Ray Comfort shares the gospel with someone who professes to be a Christian, but there's a big problem: he is living in sin. Watch how Ray addresses this difficult situation.
June 15, 2021
Have you ever heard of the “DTs”? The letters stand for “delirium tremens,” and they come as a result of alcohol withdrawal. The DTs are characterized by severe shaking, profuse sweating, paranoia, and frightening hallucinations. You will get the DTs when you go to your local fishing hole. (Christian DTs are “discouraging thoughts,” and a “fishing hole” is a place where you go to deliberately share your faith.) The DTs will begin from the moment you think about going fishing. You will get the sweats, the shakes, paranoia, and you will have hallucinations—frightening pictures of terrible things to come.
The Bible says that our fight is against dark and sinister demonic forces (see Ephesians 6:12). The area of the enemy’s attack is our mind. In a sense we are like unconverted ex-alcoholics. They never see themselves as being free from the disease. Once an alcoholic, always an alcoholic. It is healthy to think like that because it makes them recognize their weakness. They have to understand that they will have a daily battle with the temptation to drink alcohol until the moment they die. That’s how you and I have to battle the temptation to be paranoid about seeking the lost: daily.
“Fear is one of the greatest possessions we have, depending on what we do with it. It can either paralyze or prostrate us.”
However, there is a big difference for the Christian. Fear is one of the greatest possessions we have, depending on what we do with it. It can either paralyze or prostrate us. If it paralyzes us and stops us from sharing our faith, it becomes our worst weakness. If it prostrates us before the Lord, crying, “Oh God, I am so scared. Please help me to stand up for You,” then it becomes our strength. It makes us trust in God. Our worst weakness then becomes our greatest strength. So always welcome fear to your doorstep, and then slam the door of faith in its face. It doesn’t need to come into your house. Just having it close at hand will make you pray.
How to Beat the DTs
One great key to personal witnessing is to be resolute. You have to realize that you have an incredibly important agenda, and you must determine that nothing is going to deter you. You have the mindset that you are going to have your mind set on seeking the lost. When the DTs come, you will know why they are coming, and you will know how to deal with them. Your weapon is the shield of faith, and its function is to quench all the fearful and fiery darts of the enemy.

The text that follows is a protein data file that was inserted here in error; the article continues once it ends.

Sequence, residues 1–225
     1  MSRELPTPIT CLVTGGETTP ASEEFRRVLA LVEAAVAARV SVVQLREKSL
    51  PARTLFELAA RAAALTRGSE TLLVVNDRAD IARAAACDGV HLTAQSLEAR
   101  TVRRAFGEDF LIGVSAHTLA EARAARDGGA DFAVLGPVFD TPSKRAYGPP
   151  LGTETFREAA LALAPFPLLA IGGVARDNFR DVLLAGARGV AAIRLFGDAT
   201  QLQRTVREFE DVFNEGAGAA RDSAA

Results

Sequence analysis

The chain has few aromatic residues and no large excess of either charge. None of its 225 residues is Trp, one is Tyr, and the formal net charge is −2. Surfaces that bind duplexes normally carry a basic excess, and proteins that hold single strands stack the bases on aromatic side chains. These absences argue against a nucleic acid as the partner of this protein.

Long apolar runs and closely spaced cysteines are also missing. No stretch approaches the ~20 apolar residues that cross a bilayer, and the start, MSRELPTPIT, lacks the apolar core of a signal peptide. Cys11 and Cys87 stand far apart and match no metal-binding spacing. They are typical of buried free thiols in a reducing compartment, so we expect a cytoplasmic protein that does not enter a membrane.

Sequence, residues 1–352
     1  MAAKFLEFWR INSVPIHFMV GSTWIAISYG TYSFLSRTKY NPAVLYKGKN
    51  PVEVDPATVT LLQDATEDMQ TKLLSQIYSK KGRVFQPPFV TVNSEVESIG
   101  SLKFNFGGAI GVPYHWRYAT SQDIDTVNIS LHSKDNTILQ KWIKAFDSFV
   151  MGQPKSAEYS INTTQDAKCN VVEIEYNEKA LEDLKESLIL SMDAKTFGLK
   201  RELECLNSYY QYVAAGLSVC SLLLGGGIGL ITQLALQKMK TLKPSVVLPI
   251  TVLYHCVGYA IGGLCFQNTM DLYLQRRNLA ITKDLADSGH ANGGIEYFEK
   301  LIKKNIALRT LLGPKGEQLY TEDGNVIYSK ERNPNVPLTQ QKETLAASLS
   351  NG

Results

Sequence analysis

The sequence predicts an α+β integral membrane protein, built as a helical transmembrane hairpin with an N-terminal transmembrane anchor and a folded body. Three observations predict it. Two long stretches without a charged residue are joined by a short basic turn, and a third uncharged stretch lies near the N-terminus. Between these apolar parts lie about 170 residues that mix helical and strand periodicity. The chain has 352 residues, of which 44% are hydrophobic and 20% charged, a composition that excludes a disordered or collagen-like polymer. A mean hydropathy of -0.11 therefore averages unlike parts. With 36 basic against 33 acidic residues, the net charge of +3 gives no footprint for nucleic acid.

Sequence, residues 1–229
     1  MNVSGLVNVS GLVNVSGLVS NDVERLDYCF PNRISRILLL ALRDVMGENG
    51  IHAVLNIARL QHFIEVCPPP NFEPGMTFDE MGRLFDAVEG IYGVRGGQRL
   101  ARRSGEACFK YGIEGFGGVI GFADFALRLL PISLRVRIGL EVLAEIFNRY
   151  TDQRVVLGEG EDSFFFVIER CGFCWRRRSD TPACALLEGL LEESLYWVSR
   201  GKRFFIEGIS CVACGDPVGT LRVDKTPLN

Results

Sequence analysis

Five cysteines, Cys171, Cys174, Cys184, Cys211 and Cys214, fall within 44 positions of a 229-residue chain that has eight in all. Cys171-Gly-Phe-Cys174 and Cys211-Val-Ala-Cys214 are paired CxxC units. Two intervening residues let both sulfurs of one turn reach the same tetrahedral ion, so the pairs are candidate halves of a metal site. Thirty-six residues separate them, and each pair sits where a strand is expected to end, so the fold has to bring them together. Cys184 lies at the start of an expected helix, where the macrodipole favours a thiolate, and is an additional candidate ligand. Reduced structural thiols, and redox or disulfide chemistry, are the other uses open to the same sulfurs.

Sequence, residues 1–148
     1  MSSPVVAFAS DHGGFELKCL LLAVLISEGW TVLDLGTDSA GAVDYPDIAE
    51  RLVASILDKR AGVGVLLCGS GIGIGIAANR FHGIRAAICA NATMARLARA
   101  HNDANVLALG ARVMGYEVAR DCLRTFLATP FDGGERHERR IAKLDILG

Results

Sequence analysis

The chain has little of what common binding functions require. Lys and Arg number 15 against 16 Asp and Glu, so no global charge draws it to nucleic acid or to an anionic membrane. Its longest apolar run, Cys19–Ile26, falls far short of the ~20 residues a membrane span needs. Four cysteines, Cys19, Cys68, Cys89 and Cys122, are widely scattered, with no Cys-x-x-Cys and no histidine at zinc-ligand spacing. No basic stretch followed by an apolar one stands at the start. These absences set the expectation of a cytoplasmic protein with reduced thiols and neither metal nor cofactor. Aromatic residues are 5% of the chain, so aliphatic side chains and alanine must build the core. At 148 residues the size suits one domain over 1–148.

Faith always overcomes fear. The “fear” that comes to your mind is that if you bring up the things of God, the stranger you have approached will think that you are a religious weirdo. But you know that if he dies in his sins, he will go to Hell…forever. Concern for his eternal salvation will help you ignore the DTs. Simply think of this reality: his worst-case scenario is the Lake of Fire; yours is that a stranger will think that you are weird. So you must make your approach. You are able to do this because you are mentally prepared. That resolute preparation will help you fight off your fears. Your feet have been “shod…with the preparation of the gospel of peace” (Ephesians 6:15, italics added). Your feet know where they are going because of your preparation. If you are hoping for inspiration without preparation, you may just end up with perspiration.
So, prepare for where you are going to take the conversation. You will greet the person with a warm and courteous, “Did you get one of these?” The “these” to which you are referring are gospel tracts. They are bait for your hook. If you don’t have a good quality bait, you won’t even get a nibble. When you get a bite on your bait, you then have to take control. Quickly pull in the hook with a confident resolve. You know where you want to go, so steer the conversation in that direction. You can do this with practice. So come with me, and let’s do some fishing.
It’s a warm Saturday afternoon around 4:00 p.m. Long Beach Town Center is swirling with activity. There’s nothing as exciting for fishermen as seeing the ocean’s surface swirling, revealing that shawls of fish are just beneath the surface.
Birds above the scene are another indication that fish are present. “Birds” in Scripture are often “types” of the demonic realm. The enemy is ever present when fish are about to be caught.